Contracting vs permanent

Most it contractors start out as their permanent counterparts and, having notched up several years' worth of client contacts, training and expertise in their area, decide to move into the more flexible terrain of contracting.

Contracting vs permanent


The theory of contracting - more money, greater flexibility in terms of who you work for and for how long – obviously sounds like a very attractive proposition to many. But is it suitable for everyone? Seasoned contractors would argue that it isn't. Those same contractors have taken the 'rough' edges of contracting with the 'smooth' over the years, particularly in the recent tough times. Many contractors have found themselves sat on the bench for months at a time, eating into their 'warchest' of savings, sensibly put to one side to cover the downs, as well as the ups, of freelancing. 

So although CUK's annual poll pointed to 65% or more of respondents being in contract for at least three quarters of 2010, it certainly pays to have a resilient nature as one key attribute. Other traits that go hand in hand with contracting are an ability to move from post to post and company to company with ease, accepting that praise will be replaced with your invoice being paid on time (if you're lucky) and being comfortable with permanently being the 'outsider'. To many contractors the rewarding flipside of the latter is not being involved in the petty politics of day-to-day office life.

Together with the challenges of working for different companies, and perhaps applying your knowledge to different industries too, there's also the ongoing challenge of keeping up to date and compliant with legislation such as IR35, income shifting and the Agency Workers Regulations to name a few, and running your own business. (Contractor UK's forum also contains a wealth of knowledge and experience from fellow contractors which should be read in conjunction with the site's guides.)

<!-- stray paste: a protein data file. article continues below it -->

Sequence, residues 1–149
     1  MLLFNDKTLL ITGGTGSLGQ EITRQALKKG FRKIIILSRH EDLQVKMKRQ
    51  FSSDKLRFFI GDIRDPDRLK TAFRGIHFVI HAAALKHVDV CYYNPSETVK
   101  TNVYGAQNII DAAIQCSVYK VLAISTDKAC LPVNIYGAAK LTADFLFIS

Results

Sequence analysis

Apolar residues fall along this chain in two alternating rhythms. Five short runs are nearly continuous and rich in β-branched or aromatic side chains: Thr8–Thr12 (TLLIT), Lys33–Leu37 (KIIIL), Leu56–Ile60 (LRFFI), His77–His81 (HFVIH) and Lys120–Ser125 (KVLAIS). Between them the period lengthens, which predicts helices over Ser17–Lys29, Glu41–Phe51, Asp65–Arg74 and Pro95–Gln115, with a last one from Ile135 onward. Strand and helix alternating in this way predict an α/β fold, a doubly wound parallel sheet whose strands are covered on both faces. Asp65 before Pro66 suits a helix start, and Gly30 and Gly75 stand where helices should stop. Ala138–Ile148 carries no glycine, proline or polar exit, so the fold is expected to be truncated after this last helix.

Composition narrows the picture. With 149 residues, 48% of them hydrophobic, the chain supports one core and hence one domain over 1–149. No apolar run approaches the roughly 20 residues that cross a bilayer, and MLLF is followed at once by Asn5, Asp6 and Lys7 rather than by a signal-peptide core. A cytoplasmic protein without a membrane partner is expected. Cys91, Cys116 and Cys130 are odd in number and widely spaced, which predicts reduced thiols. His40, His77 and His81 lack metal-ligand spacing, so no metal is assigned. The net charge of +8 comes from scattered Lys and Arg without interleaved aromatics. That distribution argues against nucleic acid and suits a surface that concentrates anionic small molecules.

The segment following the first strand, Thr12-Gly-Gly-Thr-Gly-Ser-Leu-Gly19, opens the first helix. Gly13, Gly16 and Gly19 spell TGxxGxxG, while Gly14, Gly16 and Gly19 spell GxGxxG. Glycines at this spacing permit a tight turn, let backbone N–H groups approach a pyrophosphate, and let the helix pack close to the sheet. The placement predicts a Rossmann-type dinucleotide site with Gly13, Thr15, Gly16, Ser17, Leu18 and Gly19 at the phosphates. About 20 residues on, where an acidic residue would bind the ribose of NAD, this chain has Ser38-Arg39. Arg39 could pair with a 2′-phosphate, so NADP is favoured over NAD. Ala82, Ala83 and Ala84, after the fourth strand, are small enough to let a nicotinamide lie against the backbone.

Work from home

You may also find that you have to work away from home; specialised skillsets particularly might mean fewer matching roles on your doorstep and therefore a commute that's impractical on a daily basis.

Having looked at some of the challenges however, the rewards are many: contractors on the CUK forum have paid off mortgages early and afforded themselves a certain lifestyle by contracting. More valuable than that for many is the freedom it affords: if you want to spend the summer holidays with the kids while they're off school, you can.

IT contracting is certainly not an easy ticket to fame and fortune, but it is possible to achieve your goals if you know there is a market for your skills and you are prepared to work hard over a number of years, cultivating contacts as you go. It certainly helps to have a plan too, what you want to achieve and what your priorities are in terms of contract rate and being away from home included in that.